I think all of the ire about this Nokia decision doesn't come purely as a function of this final decision. I think a lot of nerds just see this as the final coffin nail in Nokia's bleak future after a long series of poor decisions. All the pent up rage from past decisions is just being vented again. It's not conspiracy theory, just feelings of exasperation and betrayal of a loyal customer base that is fed up with getting burned by a company they invested so much money and time in.

Re:You mean... (1)

tripleevenfall (1990004) | more than 3 years ago | (#35234166)

I for one think this is the right move for Nokia. It helps them because they don't have a market. They've been asleep at the wheel in the smartphone space for years. None of the major wireless carriers are going to let Nokia push into the smartphone market with Symbian, a little known and underdeveloped platform, and it would be suicide anyway. Nokia is dying. By selling their souls to MSFT, they at least get a platform, and they can start selling their phones to retailers. It might work too - people know the Nokia name, and seeing a Windows Phone device might be underwhelming to a consumer but Nokia might add a little trust. Right now they have zero for smartphone and the dumbphone market is in the death throes. They either had to join or die.

Re:You mean... (1)

tripleevenfall (1990004) | more than 3 years ago | (#35234184)

This is sort of the inverse of when Sega's consoles all flopped and so they gave up and started trying to develop games. They couldn't create their own game anymore, so they tried to win at the other guys' - because it was that or going out of business.

Re:You mean... (2)

Eskarel (565631) | more than 3 years ago | (#35232570)

As opposed to the previous CEO who presumably owned an awful lot of Nokia stock, but at the same time seemed to spend his entire time on the job increasing the share price of Apple.

Let's get this straight, the iPhone wouldn't be half the success it is if there had been any real competition. It would still have done well because it was a good phone but it did so fantastically well because there was not a single smart phone on the market which didn't suck. Nokia should have had that market, they had the brand reputation, they had the facilities and the talent to do it. Unfortunately every single thing they've made that's in any way complex has sucked, Symbian sucks, MeeGo sucks and is pretty much dead now that Android is on the scene. The big seller of open source for commercial enterprise is free developers. How many people do you think are going to be doing unpaid development on MeeGo rather than Android?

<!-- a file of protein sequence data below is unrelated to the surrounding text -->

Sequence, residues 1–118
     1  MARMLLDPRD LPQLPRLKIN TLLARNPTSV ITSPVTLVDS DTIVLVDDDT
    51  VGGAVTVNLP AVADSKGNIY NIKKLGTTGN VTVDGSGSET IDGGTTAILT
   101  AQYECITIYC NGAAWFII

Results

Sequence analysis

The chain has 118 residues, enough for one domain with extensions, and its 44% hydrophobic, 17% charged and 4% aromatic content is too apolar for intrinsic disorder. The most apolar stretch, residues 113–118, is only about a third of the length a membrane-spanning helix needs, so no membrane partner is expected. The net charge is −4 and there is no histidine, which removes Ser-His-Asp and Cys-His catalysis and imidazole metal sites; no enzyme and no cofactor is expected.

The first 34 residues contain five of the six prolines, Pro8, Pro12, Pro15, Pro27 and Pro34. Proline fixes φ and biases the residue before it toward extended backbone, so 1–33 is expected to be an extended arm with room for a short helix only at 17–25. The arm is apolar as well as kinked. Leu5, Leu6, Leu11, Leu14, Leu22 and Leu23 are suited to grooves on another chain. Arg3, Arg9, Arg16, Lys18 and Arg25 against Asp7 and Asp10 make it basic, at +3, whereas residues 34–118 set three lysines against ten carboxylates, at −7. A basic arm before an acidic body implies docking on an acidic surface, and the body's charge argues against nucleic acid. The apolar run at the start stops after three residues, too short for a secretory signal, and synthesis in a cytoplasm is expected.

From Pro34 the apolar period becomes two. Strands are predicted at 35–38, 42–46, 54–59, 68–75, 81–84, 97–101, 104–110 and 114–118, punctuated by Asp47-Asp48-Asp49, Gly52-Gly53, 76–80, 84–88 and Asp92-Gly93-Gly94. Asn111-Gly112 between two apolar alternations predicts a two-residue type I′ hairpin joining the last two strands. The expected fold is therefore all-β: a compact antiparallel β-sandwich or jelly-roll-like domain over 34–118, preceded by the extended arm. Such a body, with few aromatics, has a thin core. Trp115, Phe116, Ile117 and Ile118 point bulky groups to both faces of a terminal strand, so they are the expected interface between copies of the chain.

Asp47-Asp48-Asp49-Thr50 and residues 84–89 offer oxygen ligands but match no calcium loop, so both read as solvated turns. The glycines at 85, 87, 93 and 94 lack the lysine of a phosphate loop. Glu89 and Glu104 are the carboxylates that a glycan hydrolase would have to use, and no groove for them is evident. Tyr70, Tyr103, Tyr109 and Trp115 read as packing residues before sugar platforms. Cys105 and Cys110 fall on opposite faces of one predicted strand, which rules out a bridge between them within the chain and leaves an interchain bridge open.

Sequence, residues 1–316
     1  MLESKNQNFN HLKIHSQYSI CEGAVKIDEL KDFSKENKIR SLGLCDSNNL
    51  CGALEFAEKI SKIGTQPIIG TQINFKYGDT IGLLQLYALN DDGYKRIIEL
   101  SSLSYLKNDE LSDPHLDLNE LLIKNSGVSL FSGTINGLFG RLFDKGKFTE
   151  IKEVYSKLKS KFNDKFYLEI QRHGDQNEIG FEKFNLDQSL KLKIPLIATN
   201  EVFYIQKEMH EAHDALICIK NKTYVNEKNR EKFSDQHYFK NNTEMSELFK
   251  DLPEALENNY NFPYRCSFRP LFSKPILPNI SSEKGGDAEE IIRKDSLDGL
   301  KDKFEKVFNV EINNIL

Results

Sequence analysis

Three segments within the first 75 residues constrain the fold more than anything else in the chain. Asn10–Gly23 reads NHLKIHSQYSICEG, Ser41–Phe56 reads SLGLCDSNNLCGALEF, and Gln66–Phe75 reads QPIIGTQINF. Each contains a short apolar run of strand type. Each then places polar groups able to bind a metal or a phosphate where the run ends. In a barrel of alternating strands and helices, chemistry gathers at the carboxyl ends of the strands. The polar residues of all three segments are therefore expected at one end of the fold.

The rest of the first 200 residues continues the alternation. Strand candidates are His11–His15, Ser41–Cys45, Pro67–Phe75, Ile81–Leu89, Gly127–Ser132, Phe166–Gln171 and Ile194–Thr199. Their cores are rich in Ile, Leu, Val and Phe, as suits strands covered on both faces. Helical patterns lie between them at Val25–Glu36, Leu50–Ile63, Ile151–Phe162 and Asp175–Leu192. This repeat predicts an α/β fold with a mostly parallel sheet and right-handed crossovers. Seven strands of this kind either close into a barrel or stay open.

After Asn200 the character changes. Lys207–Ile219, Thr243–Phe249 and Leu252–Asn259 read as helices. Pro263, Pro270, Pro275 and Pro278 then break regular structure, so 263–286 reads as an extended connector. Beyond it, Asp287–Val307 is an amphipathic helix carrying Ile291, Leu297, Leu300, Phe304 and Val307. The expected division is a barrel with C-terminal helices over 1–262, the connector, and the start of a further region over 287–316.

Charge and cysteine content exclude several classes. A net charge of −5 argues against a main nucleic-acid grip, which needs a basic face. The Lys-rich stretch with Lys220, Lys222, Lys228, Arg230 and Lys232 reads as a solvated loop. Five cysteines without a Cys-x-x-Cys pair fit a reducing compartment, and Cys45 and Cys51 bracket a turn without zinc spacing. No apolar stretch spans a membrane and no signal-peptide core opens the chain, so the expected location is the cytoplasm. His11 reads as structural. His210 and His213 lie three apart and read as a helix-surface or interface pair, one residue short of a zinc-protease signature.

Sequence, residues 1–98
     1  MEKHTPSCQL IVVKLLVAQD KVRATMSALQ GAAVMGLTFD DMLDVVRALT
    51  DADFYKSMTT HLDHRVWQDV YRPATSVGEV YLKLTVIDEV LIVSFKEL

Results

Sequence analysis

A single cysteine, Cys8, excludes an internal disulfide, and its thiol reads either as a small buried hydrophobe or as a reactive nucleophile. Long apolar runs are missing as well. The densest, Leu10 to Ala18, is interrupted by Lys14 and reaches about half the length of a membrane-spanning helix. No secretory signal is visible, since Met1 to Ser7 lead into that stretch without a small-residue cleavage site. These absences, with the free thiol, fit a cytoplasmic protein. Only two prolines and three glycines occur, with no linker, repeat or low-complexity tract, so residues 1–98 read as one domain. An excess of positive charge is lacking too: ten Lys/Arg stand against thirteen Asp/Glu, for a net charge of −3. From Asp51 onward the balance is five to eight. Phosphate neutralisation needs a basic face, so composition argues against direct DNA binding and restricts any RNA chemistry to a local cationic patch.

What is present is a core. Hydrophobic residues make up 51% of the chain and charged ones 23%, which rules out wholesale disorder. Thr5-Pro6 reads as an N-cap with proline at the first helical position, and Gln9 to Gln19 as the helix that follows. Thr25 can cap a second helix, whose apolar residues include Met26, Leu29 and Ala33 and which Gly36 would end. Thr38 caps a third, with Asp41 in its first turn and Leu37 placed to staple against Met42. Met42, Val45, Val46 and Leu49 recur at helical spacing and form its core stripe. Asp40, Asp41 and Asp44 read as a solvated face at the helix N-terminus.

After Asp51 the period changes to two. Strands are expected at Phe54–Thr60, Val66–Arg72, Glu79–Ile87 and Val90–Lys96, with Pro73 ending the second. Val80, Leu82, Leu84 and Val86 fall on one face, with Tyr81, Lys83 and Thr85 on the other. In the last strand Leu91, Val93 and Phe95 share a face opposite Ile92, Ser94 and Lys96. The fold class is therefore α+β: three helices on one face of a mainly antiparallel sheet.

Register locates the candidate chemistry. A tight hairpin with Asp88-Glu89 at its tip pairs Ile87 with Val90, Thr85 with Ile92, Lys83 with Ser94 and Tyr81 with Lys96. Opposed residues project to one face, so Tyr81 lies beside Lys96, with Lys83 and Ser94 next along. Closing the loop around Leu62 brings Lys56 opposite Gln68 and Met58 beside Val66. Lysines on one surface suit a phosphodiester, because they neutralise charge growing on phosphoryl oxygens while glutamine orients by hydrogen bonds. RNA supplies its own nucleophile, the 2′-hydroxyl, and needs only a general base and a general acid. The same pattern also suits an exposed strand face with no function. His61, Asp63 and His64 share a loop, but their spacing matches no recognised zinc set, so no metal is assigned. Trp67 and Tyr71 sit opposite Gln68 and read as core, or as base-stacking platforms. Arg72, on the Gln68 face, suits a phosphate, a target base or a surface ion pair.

Microsoft needs someone to make hardware for them, and Nokia has the facilities to produce it, and if they haven't all already quit or been sacked they have the expertise to design it to. Yes, in the end Nokia will probably just end up as an independent division of Microsoft who can make hardware without pissing off the regulators, but the alternative is far worse.

Nokia's talent density (1)

Gary W. Longsine (124661) | more than 3 years ago | (#35232762)

Actually, it's not at all clear that Nokia has the talent required to do what you suggest. Perhaps it is simply a management failure, but for years they've dedicated substantial resources to development of mobile phone OS, and managed to produce only slight tweaks to a mediocre platform (Symbian), and failed to deliver its successor (MeeGo).

Re:Nokia's talent density (1)

Daniel Phillips (238627) | more than 3 years ago | (#35232970)

it's not at all clear that Nokia has the talent required to do what you suggest.

Their hardware engineering is brilliant, software less so.

Re:You mean... (1)

Daniel Phillips (238627) | more than 3 years ago | (#35232882)